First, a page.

I often see people who want to learn everything, or know everything before starting a task. It frequently paralyzes them to the point that they won’t actually start. When I trained new salespeople, I called this analysis paralysis. I see it with business owners too. They often want an easy answer or to gain years of experience and wisdom in days or months.
Steve Jobs used to say, “If you look really closely, most overnight successes took a long time.”
Whenever I see someone struggling to get started or they are in analysis paralysis mode, I always say the same thing. “You can’t get better until you start somewhere!”
Often, we don’t know what we don’t know until we get started and learn through experience. I taught door-to-door salespeople for many years. I would put them through days of face-to-face training, I could teach them everything exactly like I did it, but it wouldn’t sink in until they got out and got their nose bloodied so to speak by actually talking to real people and then understanding why they needed what they needed. It takes experience to even know where to start.
This reminds me of an allegory.
There was a pottery teacher who wanted to try an experiment with his class. He split the class into halves. One-half of the class was told that their grade was to be solely determined by the quality of pottery that they created. It didn’t matter how many pieces they created, just that they made very high-quality pottery. The students could even make just one single piece, and as long as it was very good, they would receive an A.
The second half of the class was told that their grade was to be determined solely by the number of pottery pieces that they could produce. Their quality would not be judged just that the pieces had to have some minimum standards, like holding themselves up, but that was it.
Over the course of the semester, the quality half of the class worked hard to make perfect pieces of pottery, while the quantity side of the class worked just as hard trying to make as many pieces as they could.
An interesting thing happened at the end of the semester. The half of the class that was given the assignment to create as many pieces as they could mysteriously also had the best quality. By getting to work and repeating the steps necessary to create pottery, they were able to also develop the skill of creating quality pieces.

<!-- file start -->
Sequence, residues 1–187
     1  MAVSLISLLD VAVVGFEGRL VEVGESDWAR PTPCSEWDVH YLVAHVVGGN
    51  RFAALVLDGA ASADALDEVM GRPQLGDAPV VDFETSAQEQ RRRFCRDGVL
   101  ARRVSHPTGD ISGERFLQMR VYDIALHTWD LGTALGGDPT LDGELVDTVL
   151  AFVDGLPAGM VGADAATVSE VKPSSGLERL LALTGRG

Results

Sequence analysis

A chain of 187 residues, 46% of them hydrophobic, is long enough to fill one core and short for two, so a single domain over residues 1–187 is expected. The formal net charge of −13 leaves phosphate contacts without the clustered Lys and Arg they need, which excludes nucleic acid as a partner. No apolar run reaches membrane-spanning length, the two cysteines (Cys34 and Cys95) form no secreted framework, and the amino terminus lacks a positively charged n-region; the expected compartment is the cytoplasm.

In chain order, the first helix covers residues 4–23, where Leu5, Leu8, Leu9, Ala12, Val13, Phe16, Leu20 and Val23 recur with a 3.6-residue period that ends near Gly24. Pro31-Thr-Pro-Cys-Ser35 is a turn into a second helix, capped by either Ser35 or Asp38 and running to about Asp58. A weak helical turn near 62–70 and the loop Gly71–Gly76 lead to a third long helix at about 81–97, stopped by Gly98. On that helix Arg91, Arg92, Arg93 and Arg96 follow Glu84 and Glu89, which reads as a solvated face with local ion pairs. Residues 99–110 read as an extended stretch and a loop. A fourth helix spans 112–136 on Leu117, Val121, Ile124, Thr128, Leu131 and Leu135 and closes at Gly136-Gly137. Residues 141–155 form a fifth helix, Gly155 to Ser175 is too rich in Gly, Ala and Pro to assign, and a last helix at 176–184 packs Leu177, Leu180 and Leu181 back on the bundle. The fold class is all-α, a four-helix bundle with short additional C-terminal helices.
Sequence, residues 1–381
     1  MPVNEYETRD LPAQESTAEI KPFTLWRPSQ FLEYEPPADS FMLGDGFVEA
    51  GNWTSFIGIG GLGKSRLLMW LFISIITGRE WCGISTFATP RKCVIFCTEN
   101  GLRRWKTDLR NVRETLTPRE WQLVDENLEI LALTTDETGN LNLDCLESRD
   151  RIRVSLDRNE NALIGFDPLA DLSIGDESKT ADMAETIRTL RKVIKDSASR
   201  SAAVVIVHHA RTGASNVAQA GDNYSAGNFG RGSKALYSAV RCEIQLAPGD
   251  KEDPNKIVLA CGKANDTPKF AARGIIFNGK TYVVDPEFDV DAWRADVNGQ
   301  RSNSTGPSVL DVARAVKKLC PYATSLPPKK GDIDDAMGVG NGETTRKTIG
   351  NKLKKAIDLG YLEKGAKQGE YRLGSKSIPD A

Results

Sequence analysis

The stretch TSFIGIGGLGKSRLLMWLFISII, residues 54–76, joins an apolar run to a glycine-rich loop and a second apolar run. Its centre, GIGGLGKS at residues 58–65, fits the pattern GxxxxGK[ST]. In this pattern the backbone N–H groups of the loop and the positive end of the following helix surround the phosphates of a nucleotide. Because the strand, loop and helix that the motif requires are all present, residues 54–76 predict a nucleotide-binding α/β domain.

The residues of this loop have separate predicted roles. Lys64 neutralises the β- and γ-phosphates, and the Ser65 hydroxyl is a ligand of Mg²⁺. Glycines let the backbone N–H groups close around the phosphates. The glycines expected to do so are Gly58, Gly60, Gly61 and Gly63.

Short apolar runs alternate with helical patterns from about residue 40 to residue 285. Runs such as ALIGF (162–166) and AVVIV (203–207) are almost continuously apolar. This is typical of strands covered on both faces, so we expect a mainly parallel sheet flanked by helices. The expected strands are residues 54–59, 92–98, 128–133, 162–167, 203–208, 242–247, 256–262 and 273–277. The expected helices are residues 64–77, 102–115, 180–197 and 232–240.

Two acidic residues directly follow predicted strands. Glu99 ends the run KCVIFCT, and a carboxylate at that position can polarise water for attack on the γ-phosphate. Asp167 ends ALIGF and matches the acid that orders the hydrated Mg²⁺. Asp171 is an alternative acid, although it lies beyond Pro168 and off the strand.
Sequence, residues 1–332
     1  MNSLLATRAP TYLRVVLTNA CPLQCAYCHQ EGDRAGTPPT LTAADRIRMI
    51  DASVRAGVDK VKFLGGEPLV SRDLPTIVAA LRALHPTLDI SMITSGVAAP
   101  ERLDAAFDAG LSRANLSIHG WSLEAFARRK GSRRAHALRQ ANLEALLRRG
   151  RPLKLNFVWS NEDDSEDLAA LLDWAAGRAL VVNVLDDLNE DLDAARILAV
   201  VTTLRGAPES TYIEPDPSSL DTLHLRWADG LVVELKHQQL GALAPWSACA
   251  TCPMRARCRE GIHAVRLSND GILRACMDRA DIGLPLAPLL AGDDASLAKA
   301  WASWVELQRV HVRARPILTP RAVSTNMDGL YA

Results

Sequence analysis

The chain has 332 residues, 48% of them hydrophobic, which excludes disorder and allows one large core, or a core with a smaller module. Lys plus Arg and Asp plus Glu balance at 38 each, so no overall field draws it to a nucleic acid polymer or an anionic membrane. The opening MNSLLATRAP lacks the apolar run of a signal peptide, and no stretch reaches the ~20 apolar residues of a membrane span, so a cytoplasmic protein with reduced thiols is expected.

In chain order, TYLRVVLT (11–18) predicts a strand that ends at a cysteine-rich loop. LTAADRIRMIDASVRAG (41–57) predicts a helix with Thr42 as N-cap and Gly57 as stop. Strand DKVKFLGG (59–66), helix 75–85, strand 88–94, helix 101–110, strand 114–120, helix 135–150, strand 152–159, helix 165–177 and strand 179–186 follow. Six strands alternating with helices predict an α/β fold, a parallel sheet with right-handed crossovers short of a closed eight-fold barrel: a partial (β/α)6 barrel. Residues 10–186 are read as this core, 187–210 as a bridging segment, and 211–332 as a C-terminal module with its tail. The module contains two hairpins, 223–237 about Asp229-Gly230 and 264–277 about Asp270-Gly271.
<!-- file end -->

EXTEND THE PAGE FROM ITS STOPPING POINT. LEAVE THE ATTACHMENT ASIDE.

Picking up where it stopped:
So it goes with most stuff. You can get better at most things by just doing them. There is probably a point of diminishing returns, but once you reach a peak of performance with your current knowledge set, you can find more info, a course, a website, or a mentor who can help you level up. But that mentorship won’t matter as much until you reach a certain point of knowledge.
There are also the perfectionists among us who want everything to be perfect. While an admirable goal, it just isn’t possible in most cases. I love the Dan Kennedy quote, “Good is good enough, next!”
If you get so stuck making something perfect that you can’t complete it, it's time to complete it and move on. Then you can also set a bar and start making improvements as you go and learn.
So go ahead, jump into that project, launch your idea, and make a goal to do something audacious. It just might work, and you will certainly learn as you go.
The journey to mastery in any field, be it marketing, sales, or entrepreneurship, begins with the courage to take that first step. Perfection is a moving target, and often, an unattainable one. Embrace the concept of progress over perfection, and let experience be your guide.
By starting somewhere, anywhere, you open yourself up to the invaluable process of learning, adapting, and evolving. This hands-on approach not only cultivates practical skills but also encourages a mindset of resilience and innovation, essential traits for any successful marketer or business owner.
Whether you're a seasoned professional or a budding entrepreneur, let the wisdom of experience propel you forward. Dive into your projects, embrace the challenges, and watch as your journey unfolds into a story of growth, expertise, and success. Remember, you can't get better until you start somewhere, so why not start today?